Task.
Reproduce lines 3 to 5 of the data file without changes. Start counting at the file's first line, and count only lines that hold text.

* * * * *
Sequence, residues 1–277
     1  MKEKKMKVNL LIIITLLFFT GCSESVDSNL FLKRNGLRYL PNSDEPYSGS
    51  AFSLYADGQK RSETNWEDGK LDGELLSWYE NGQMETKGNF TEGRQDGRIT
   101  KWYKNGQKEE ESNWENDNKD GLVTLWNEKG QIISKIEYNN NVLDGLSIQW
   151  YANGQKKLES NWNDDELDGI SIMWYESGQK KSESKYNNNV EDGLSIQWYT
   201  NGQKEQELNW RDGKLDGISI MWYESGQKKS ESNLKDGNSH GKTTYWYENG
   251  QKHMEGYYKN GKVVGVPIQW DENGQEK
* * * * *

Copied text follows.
    51  AFSLYADGQK RSETNWEDGK LDGELLSWYE NGQMETKGNF TEGRQDGRIT
   101  KWYKNGQKEE ESNWENDNKD GLVTLWNEKG QIISKIEYNN NVLDGLSIQW
   151  YANGQKKLES NWNDDELDGI SIMWYESGQK KSESKYNNNV EDGLSIQWYT